chaloir

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French[edit]

Etymology[edit]

From Middle French chaloir, from Old French chaloir, from earlier chaleir, from Latin calēre, present active infinitive of caleō (to heat), from Proto-Italic *kalēō, from Proto-Indo-European *ḱelh₁-. Compare Occitan caler, Catalan caldre, Italian calere.

Pronunciation[edit]

Verb[edit]

chaloir

  1. (impersonal) to matter
  2. (impersonal, literary) to be of import

Conjugation[edit]

This verb is impersonal and usually found only in the third person present chaut. Its use in other tenses is rare.

Derived terms[edit]

Related terms[edit]


Middle French[edit]

Etymology[edit]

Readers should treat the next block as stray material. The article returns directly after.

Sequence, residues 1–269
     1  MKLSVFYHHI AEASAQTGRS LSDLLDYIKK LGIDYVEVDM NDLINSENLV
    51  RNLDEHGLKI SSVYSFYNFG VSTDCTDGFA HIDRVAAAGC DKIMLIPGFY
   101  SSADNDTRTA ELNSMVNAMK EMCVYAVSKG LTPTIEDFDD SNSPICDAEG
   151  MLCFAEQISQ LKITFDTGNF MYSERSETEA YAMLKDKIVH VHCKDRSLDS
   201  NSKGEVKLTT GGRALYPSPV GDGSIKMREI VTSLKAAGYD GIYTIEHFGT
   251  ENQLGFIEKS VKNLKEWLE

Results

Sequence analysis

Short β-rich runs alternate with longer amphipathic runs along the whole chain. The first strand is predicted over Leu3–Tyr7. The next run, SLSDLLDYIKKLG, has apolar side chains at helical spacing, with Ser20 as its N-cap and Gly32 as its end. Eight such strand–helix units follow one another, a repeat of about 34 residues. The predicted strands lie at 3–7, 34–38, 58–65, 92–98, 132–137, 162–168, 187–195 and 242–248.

From Old French chaloir, from earlier chaleir, from Latin calēre, present active infinitive of caleō (to heat)

Verb[edit]

chaloir

  1. to heat
  2. (reflexive, se chaloir) to bother, to worry

Descendants[edit]


Old French[edit]

Alternative forms[edit]

Etymology[edit]

From earlier chaleir, from Latin calēre, present active infinitive of caleō (I heat). Compare Franco-Provençal chalêr, Old Provençal caler.

Pronunciation[edit]

Verb[edit]

chaloir

  1. to heat
  2. (impersonal, reflexive, se chaloir) to bother, to concern

Conjugation[edit]

This verb conjugates as a third-group verb. This verb has irregularities in its conjugation. Old French conjugation varies significantly by date and by region. The following conjugation should be treated as a guide.

Derived terms[edit]

Related terms[edit]

Descendants[edit]

References[edit]

  • “Appendix E: Irregular Verbs” in E. Einhorn (1974), Old French: A Concise Handbook, Cambridge, UK: Cambridge University Press, ISBN 0-521-09838-6, pages 150–151